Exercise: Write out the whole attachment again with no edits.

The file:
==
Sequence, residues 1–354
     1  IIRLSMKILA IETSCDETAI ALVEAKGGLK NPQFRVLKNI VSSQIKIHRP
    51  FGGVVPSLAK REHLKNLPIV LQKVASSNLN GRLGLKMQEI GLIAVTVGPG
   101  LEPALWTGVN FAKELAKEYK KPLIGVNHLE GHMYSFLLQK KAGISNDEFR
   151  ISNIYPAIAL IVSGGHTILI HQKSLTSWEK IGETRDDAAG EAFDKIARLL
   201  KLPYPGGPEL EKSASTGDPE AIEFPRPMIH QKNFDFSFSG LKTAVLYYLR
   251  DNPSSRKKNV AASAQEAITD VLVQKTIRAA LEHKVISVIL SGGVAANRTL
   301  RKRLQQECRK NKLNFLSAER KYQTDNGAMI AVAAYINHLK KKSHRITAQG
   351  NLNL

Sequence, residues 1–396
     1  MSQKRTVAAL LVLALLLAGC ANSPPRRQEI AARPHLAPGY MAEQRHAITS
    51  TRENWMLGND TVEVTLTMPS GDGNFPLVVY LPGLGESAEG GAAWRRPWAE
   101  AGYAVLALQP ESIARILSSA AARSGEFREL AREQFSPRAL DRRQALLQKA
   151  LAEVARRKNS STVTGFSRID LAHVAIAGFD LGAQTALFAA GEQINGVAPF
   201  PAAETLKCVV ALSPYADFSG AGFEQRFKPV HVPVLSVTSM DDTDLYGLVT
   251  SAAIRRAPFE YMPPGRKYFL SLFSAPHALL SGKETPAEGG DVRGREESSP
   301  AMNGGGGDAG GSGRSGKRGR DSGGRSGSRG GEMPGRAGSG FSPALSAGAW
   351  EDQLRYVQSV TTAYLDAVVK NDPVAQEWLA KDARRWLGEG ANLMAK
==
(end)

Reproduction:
Sequence, residues 1–354
     1  IIRLSMKILA IETSCDETAI ALVEAKGGLK NPQFRVLKNI VSSQIKIHRP
    51  FGGVVPSLAK REHLKNLPIV LQKVASSNLN GRLGLKMQEI GLIAVTVGPG
   101  LEPALWTGVN FAKELAKEYK KPLIGVNHLE GHMYSFLLQK KAGISNDEFR
   151  ISNIYPAIAL IVSGGHTILI HQKSLTSWEK IGETRDDAAG EAFDKIARLL
   201  KLPYPGGPEL EKSASTGDPE AIEFPRPMIH QKNFDFSFSG LKTAVLYYLR
   251  DNPSSRKKNV AASAQEAITD VLVQKTIRAA LEHKVISVIL SGGVAANRTL
   301  RKRLQQECRK NKLNFLSAER KYQTDNGAMI AVAAYINHLK KKSHRITAQG
   351  NLNL

Sequence, residues 1–396
     1  MSQKRTVAAL LVLALLLAGC ANSPPRRQEI AARPHLAPGY MAEQRHAITS
    51  TRENWMLGND TVEVTLTMPS GDGNFPLVVY LPGLGESAEG GAAWRRPWAE
   101  AGYAVLALQP ESIARILSSA AARSGEFREL AREQFSPRAL DRRQALLQKA
   151  LAEVARRKNS STVTGFSRID LAHVAIAGFD LGAQTALFAA GEQINGVAPF
   201  PAAETLKCVV ALSPYADFSG AGFEQRFKPV HVPVLSVTSM DDTDLYGLVT
   251  SAAIRRAPFE YMPPGRKYFL SLFSAPHALL SGKETPAEGG DVRGREESSP
   301  AMNGGGGDAG GSGRSGKRGR DSGGRSGSRG GEMPGRAGSG FSPALSAGAW
   351  EDQLRYVQSV TTAYLDAVVK NDPVAQEWLA KDARRWLGEG ANLMAK